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It's not about taking credit

When individuals work together without concerning themselves with receiving credit, the potential for achievement becomes limitless. In such an environment, people focus solely on the task at hand, pooling their skills, knowledge, and efforts for the greater good. Without the distractions of personal recognition, teams can effectively collaborate and explore innovative solutions, leveraging the diverse perspectives and expertise of each member. This selflessness and shared commitment to a common goal often lead to remarkable accomplishments that would have otherwise been hindered by ego-driven motivations.


Moreover, when no one is preoccupied with taking credit, a spirit of cooperation and camaraderie flourishes. Individuals feel empowered to contribute their ideas openly, knowing that their suggestions will be evaluated solely on their merits, rather than on who proposed them. This fosters an inclusive and collaborative work environment where everyone feels valued and respected, fueling creativity and boosting morale. The absence of credit-seeking behavior promotes a culture of mutual support, where individuals genuinely celebrate each other's successes, regardless of who may receive recognition externally.


In addition, a lack of concern over credit distribution allows for a more efficient use of resources and time. Without the need to stake claim to achievements, individuals can focus their energy on accomplishing tasks and meeting deadlines. Decision-making becomes more streamlined, as individuals are motivated by the collective success rather than personal gain. This results in expedited progress and the ability to tackle more significant challenges, as time is not wasted on internal competition or unnecessary disputes over ownership. Ultimately, when the focus shifts from individual recognition to shared accomplishments, productivity and effectiveness soar, enabling teams to achieve far more than they would have otherwise.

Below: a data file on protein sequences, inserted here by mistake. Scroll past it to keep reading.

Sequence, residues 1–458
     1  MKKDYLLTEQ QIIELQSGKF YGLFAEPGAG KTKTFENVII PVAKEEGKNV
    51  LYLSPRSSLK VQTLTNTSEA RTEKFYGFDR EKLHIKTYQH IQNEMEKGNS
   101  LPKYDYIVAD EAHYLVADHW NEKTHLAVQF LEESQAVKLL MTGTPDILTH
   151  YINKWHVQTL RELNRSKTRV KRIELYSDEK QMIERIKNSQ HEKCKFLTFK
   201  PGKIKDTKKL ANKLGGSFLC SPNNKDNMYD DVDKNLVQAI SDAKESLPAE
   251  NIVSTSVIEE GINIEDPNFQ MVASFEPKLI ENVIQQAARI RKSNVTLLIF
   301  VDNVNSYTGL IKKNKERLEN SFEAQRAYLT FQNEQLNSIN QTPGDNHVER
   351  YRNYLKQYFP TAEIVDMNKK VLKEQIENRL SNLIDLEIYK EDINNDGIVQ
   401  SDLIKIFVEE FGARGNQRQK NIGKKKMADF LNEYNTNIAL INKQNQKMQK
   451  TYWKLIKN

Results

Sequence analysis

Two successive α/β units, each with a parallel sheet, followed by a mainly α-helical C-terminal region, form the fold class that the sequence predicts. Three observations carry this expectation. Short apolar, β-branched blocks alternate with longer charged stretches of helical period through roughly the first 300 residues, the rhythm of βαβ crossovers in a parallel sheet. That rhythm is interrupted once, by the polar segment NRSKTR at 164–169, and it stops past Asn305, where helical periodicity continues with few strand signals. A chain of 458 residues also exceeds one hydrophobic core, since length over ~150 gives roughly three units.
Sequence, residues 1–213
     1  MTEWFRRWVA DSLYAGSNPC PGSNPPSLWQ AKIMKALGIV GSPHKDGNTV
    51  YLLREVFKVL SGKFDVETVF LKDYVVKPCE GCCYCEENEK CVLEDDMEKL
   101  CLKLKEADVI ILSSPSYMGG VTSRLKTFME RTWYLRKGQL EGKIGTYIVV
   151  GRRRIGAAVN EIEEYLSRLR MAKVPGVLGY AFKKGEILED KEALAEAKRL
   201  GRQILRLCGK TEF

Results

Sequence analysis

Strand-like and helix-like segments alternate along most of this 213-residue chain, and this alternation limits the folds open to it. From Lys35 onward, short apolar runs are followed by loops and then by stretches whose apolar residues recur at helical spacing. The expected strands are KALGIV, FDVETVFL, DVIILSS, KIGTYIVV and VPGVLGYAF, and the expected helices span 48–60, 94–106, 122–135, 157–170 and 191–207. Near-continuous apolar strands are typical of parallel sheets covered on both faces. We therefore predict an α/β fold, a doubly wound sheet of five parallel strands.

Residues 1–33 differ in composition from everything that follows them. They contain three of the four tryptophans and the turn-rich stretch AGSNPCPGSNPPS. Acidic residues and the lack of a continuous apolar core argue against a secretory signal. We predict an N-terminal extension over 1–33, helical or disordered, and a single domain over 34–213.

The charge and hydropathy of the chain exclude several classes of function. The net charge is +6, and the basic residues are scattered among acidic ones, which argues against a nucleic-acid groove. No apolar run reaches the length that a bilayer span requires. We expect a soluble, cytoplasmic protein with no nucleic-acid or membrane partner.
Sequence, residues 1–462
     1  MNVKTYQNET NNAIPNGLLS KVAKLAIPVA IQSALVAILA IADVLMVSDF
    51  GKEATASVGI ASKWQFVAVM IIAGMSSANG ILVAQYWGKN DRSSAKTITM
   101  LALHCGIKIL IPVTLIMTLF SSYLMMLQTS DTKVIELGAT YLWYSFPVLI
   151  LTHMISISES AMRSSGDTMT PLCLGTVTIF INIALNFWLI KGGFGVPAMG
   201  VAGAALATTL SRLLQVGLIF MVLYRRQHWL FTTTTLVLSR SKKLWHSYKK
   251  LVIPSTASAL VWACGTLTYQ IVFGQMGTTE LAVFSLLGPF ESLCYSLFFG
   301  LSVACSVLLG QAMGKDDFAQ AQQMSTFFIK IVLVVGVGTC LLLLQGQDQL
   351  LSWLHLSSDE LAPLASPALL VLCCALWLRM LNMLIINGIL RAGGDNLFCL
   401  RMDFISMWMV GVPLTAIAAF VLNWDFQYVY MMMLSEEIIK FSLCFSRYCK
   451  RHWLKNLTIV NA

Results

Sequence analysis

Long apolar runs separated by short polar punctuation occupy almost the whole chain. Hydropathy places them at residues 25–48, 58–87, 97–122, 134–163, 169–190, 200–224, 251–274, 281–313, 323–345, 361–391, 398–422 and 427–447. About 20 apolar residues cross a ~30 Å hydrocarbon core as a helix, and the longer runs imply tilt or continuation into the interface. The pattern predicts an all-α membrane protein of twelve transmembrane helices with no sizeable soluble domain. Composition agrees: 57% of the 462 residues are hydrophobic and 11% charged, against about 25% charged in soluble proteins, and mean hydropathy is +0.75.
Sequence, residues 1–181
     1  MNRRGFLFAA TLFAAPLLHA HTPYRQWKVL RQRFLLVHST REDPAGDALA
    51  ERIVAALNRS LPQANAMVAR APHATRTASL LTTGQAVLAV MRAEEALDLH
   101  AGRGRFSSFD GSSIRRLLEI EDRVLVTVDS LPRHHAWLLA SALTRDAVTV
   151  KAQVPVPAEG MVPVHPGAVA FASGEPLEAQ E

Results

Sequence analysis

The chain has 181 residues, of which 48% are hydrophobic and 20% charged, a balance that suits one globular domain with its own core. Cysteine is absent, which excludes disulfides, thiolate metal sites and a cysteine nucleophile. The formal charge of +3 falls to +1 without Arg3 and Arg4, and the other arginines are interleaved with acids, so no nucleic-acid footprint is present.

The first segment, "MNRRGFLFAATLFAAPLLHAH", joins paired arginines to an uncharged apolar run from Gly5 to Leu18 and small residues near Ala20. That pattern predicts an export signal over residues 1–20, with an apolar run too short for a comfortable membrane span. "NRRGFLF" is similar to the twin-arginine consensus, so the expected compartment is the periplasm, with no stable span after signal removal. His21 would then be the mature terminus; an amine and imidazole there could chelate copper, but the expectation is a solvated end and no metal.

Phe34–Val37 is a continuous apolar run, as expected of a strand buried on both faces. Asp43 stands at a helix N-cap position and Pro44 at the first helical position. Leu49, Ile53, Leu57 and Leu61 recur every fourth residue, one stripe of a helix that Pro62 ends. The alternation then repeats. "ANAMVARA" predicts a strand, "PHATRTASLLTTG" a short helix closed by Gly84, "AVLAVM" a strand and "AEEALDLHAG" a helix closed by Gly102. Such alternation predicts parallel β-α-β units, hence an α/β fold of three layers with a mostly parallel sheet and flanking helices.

This poignant theme is highlighted when the Torah describes the function of the Levite family of Merari in the travels of the Jews in the wilderness. Among the three Levite clans, namely Gershon, Kehat, and Merari, the first two were entrusted with the prestigious responsibility of transporting the decorative curtains and coverings and the various fixtures of the Tabernacle. These illustrious duties befittingly elevated Gershon and Kehat, as they were introduced to their positions in a ceremonious manner, an acknowledgment of the exalted nature of their appointments. They were raised to a figurative pedestal, their significant roles celebrated with due reverence.


Yet, the family of Merari's assignment, in contrast, seemed to lack the grandeur and recognition accorded to their cousins. They carried the walls of the Tabernacle and their bases and connecting hardware. The Torah instructs them matter-of-factly, without any special introduction: "Here, carry these items..." It is precisely at this juncture that we unearth the profound significance lying beneath the surface.


Undeniably, theirs was a thankless job—a labor that went unrecognized and uncelebrated. Yet, the true measure of their achievement lies precisely in their unheralded contributions. For without a steadfast foundation, all else crumbles into disarray. The families of Gershon and Kehat, their roles essential in the visible aspects of the sacred service, required proficiency and skill. But silently and inconspicuously, it was the family of Merari that played the indispensable role of holding everything together.


Within the pieces of hardware entrusted to the Merari family, we encounter a symbol of unparalleled magnitude. These seemingly ordinary components serve as the very foundation of all that we hold dear—our rich heritage, cherished traditions, and the essence of our Jewish way of life.


A thankless job, to be sure, but one with the most significant ramifications, especially when one doesn’t clamor for credit.


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